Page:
Care plan use among older people with functional impairment: analysis of the English General Practice Patient Survey

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Objectives: Care plans may improve health when patients are involved in the care planning process. They are recommended for primary care. This study aimed to identify characteristics of older patients with functional impairment (age ≥75 years with problems completing daily activities) who report having a care plan and who are involved in care planning.

Methods: The General Practice Patient Survey (individual-level dataset) 2015-16 in England was analysed. Logistic regression was used to estimate associations between having a care plan and being involved with care planning and age, gender, ethnicity, deprivation, multimorbidity, interpersonal relationship with general practitioner (GP) and other variables, clustered at practice level.

Results: Three point five percent of GPPS respondents and 14.4% of older people with functional impairment reported having a care plan; however, only a quarter of the latter were involved with the care planning process. Involvement with care planning was associated with seeing own GP (odds ratio (OR) 1.88, 95% confidence interval (CI)1.48 to 2.38) and factors reflecting a positive interpersonal relationship with the GP, including having confidence in the GP (OR 5.92, CI 2.38 to 14.77). Respondents involved with care planning reported greater confidence in managing their own health.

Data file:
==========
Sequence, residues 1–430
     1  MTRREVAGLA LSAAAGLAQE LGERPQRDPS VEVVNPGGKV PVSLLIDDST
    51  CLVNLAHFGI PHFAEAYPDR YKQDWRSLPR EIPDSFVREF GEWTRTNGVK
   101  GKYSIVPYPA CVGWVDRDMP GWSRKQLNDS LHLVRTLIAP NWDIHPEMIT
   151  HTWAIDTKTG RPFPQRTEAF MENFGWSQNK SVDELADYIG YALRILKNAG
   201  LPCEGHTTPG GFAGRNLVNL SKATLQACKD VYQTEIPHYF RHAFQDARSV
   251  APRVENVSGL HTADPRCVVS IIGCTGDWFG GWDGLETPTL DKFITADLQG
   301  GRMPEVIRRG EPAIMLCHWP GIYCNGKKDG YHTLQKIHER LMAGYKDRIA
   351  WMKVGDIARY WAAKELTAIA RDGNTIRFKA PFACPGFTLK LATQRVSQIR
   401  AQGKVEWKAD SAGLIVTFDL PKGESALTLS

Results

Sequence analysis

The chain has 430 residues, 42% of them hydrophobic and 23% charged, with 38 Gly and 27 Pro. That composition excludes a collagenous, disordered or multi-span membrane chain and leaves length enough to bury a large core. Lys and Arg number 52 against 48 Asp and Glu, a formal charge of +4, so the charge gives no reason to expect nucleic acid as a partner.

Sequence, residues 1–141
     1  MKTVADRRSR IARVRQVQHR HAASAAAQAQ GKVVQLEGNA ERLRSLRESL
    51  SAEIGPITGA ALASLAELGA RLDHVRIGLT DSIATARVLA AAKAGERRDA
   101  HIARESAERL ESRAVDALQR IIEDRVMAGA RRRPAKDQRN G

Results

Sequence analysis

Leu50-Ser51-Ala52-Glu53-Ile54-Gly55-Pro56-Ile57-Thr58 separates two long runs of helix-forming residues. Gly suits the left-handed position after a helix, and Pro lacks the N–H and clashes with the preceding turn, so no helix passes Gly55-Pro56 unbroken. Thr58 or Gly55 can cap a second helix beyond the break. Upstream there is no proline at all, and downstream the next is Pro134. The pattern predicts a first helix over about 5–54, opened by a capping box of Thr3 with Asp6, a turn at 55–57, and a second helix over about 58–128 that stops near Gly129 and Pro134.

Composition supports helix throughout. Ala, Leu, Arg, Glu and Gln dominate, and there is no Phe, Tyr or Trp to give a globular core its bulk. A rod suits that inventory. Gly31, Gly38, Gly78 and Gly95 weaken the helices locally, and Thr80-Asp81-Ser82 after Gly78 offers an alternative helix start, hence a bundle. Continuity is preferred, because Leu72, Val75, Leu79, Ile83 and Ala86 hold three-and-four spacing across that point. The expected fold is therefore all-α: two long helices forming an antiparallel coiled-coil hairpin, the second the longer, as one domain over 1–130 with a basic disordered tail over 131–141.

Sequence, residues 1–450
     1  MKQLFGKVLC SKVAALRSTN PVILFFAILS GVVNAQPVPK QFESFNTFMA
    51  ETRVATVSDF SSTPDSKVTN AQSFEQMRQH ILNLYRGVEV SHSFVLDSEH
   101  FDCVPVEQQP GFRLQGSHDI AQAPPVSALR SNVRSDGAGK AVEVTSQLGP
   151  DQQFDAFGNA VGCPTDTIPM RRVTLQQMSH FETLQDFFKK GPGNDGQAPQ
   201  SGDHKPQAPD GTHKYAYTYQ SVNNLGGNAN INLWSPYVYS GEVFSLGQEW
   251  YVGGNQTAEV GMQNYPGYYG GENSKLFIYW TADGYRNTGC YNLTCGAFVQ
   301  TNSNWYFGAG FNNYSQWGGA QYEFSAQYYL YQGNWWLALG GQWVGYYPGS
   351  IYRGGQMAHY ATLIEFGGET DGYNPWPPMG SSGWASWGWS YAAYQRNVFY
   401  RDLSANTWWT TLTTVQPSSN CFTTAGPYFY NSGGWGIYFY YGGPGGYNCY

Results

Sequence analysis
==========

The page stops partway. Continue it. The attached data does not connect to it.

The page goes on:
Conclusions: Few older people with functional impairment report having a care plan and fewer report involvement in the care planning process. This may reduce the ability of care plans to deliver health benefits and person-centered care.
Original languageEnglish
Pages (from-to)571-578
Number of pages7
JournalEuropean Journal for Person Centred Healthcare
Issue number4
Publication statusPublished - 5 Dec 2018


  • Care plans
  • social care
  • person-centered healthcare
  • shared decision-making
  • self-management
  • collaborative goal setting
  • frailty
  • functional impairment
  • long term conditions
  • multimorbidity
  • patient activation
  • patient engagement
  • self-efficacy

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